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Thread: Designing a shield for Arduino Rev 3 boards that also work with non Rev 3 boards...

  1. #1

    Designing a shield for Arduino Rev 3 boards that also work with non Rev 3 boards...

    Just wondering if anyone has played around designing a sheild that made use of the new IOREF pin on the Rev 3 of the current Arduino boards. In particular what is the best way of handling this such that the shield can handle the newer boards, that may be 3.3v such as the Arduino Due that was released yesterday. But still work on older boards that do not have these additional IO pins...

    Suggestions?

    Kurt

    P.S. - Will you be stocking the new board?

  2. #2

    Re: Designing a shield for Arduino Rev 3 boards that also work with non Rev 3 boards...

    Level converters typically run on two power rails -- one for each end. The ioref pin is the supply for the side of the level converter that faces the Arduino. For example, if you use optocouplers, you'll use ioref to drive the VCC of the output sides that face the connector.
    Another option is to just use 3.3V parts that have 5V tolerant I/O. The AVR will treat anything that's above about 1.2V as a definite "high" on input, so driving it with 3.3V (or even 1.8V) is going to work fine, as long as you can stand being driven at 5V.

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    Re: Designing a shield for Arduino Rev 3 boards that also work with non Rev 3 boards...

    I'm not really sure how many shields do not currently accept a 3.3V input as a valid high signal, but if they try to use a 5V output to something like the new Due then it will be toast. The protection/level-shift circuit to make the Atmel SAM3X 5V tolerant is really simple/cheap (a zener diode and a resistor), but unfortunately the reference Due does not include it. I don't really see why one couldn't take advantage of the Vio pin, but it would be far, far easier and cheaper to make the Due 5V tolerant than to replace/upgrade all of the shields with level-shifters/opto-isolators to make their outputs high at Vio (be it 3.3V or even lower).

    For that reason, I'm really hoping Rugged Circuits creates their own version of the Due. I've been very happy with my Ruggeduino, and a well protected ARM for Arduino should definitely sell well.
    Please pardon the pedantry... and the profanity... and the convoluted speech pattern...
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  4. #4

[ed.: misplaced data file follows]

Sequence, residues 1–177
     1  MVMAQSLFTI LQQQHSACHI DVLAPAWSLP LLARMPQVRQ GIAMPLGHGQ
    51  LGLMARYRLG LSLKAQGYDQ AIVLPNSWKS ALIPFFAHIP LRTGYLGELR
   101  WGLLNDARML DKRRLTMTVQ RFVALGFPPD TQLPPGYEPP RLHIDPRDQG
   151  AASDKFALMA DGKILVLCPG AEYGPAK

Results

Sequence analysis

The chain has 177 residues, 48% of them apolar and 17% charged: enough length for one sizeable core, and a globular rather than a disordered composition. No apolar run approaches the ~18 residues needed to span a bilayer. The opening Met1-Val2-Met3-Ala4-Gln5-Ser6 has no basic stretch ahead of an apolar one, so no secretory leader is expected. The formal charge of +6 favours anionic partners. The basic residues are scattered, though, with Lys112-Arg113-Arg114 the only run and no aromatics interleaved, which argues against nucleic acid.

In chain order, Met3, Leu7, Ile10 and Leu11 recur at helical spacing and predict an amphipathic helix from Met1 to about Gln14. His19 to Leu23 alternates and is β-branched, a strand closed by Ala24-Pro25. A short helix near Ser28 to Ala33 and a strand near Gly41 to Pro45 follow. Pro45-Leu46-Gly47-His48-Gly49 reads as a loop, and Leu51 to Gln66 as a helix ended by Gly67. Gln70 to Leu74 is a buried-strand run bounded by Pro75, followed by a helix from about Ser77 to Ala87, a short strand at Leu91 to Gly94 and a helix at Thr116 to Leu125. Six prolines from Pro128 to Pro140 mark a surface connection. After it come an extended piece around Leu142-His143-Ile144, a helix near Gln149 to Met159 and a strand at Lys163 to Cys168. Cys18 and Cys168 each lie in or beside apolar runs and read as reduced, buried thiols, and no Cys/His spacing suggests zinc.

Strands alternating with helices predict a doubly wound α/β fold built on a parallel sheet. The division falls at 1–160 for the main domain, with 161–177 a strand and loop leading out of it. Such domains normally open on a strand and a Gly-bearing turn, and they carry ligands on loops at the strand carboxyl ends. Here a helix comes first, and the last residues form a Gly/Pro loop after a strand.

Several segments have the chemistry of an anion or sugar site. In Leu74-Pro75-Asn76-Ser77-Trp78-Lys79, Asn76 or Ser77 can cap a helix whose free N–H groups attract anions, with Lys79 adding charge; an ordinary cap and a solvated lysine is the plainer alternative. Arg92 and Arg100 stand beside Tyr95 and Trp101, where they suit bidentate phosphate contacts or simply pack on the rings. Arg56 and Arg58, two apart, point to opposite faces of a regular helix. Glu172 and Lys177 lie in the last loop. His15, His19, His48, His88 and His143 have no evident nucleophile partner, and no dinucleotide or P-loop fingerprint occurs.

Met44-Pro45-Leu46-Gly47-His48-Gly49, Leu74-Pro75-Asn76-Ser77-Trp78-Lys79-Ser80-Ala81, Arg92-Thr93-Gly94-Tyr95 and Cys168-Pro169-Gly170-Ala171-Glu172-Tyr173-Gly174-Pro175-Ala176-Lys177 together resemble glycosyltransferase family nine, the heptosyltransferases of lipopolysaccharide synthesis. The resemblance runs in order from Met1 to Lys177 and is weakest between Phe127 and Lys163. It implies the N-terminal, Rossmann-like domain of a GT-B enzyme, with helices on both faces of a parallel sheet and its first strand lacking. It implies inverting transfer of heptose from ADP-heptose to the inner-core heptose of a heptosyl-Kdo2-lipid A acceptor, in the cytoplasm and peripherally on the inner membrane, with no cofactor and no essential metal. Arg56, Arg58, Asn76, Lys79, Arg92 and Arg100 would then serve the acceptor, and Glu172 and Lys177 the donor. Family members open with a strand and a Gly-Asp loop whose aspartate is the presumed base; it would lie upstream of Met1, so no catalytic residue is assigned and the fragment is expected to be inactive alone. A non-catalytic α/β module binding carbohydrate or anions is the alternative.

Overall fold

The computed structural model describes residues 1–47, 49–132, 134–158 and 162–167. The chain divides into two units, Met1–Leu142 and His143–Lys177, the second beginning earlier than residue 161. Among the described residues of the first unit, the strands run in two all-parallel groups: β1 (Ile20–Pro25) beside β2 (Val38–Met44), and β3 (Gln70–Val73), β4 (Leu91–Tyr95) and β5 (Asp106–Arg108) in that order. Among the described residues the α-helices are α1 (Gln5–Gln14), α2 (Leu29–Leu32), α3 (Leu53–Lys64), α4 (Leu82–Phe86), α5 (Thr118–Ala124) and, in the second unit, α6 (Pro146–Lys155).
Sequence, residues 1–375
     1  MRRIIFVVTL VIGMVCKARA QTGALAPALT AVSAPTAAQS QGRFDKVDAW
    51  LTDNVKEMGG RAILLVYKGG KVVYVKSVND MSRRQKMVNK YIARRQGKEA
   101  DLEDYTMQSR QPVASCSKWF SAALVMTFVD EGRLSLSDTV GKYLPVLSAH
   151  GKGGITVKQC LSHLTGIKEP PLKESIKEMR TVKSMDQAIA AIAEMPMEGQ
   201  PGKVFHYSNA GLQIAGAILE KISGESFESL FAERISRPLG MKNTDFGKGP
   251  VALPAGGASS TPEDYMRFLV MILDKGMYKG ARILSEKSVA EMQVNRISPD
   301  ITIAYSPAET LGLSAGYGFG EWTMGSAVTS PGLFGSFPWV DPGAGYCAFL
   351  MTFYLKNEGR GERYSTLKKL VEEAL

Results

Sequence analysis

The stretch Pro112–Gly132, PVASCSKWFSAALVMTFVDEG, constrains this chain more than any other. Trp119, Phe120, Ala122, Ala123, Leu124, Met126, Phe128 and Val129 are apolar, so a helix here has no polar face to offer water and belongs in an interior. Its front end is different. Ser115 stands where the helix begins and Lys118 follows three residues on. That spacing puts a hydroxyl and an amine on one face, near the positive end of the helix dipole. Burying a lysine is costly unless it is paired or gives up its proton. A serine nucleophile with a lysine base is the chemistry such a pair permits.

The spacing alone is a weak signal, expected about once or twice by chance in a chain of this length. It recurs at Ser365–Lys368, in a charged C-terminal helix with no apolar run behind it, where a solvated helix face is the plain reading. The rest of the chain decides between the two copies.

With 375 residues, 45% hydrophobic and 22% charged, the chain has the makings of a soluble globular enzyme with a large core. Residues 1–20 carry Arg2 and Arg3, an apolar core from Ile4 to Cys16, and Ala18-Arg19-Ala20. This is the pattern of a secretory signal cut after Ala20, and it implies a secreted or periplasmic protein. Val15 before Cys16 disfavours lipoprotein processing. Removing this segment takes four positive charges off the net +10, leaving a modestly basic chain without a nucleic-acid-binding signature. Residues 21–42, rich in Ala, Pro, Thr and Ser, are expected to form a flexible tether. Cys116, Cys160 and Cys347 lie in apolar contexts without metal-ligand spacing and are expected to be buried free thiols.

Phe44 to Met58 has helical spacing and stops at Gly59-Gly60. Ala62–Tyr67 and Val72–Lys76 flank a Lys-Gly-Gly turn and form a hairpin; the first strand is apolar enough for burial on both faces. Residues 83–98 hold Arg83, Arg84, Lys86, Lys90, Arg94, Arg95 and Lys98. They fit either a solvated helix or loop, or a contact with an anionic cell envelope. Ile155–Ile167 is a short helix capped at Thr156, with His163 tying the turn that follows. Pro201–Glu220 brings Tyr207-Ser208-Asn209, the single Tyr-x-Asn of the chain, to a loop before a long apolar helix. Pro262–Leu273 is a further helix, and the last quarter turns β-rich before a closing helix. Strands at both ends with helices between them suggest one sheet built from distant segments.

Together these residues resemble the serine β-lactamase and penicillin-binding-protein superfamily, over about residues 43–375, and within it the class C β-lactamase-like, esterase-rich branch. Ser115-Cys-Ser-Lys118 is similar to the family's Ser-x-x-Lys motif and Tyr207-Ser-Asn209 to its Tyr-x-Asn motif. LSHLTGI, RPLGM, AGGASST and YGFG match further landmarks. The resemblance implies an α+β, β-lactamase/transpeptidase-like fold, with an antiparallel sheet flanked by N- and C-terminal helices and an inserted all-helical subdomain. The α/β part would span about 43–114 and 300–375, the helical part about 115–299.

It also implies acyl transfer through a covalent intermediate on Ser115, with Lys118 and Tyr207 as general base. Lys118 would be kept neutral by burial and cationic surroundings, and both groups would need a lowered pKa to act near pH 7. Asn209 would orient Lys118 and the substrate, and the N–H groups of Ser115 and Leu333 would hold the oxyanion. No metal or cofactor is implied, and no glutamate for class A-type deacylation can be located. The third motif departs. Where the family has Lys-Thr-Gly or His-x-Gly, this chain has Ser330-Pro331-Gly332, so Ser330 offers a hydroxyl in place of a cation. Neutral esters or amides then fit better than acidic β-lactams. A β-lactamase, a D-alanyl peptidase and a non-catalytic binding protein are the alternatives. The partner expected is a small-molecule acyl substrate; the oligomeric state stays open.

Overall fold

Re: Designing a shield for Arduino Rev 3 boards that also work with non Rev 3 boards...

    Thanks guys, I guess if I am building my own shield, that I wish to use on both Arduino Megas and the Due as well as maybe the Chipkit Max32 and some of these boards do and some don't support the IOREF. Example of a shield I built earlier.

    Click image for larger version. 

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    Was wondering how hard it would be to get it to run on the DUE as well. I could for example add the IOREF pin, but for example some of these boards don't have the IOREF, so should I then simply add a jumper to jumper to 5v? If I do that then it might be just as easy to have the jumper for +5 and +3.3 and not bother with IOREF?

    But regardless of this as mentioned, I need to make sure that for those boards who are 3.3v boards that I do not try to feed them +5v on the IO lines... My guess is servos will run fine with 3.3v on their IO line as that is what the chipkit does and they appear to be fine... Need to maybe update my jumpers to allow 3.3vs instead of +5...

    Yep I wish they made the board more rugged, like the Pic32 is tolerant of +5v on most of these IO pins...

    Kurt

  5. #5

    Re: Designing a shield for Arduino Rev 3 boards that also work with non Rev 3 boards...

    You could just make it always output 3.3V for "high," and always accept 3.0V and up for "high" on input, and take its power from 5V. If you do that, you'll work with whatever.

    Note that the Zener+resistor option isnt' particularly good, because Zener diodes need a certain current to actually provide their particular voltage gap. You can get away with a lower current by just using a resistor divider. Plus, if you put 3.0V into a circuit with a 3.0V Zener plus a resistor, you will get almost no current in that circuit, making for poor signal quality. A 3.3k:2.2k resistor divider will work much better, and will waste less than a milliamp per high line. (Make your lines low on idle to waste nothing.)

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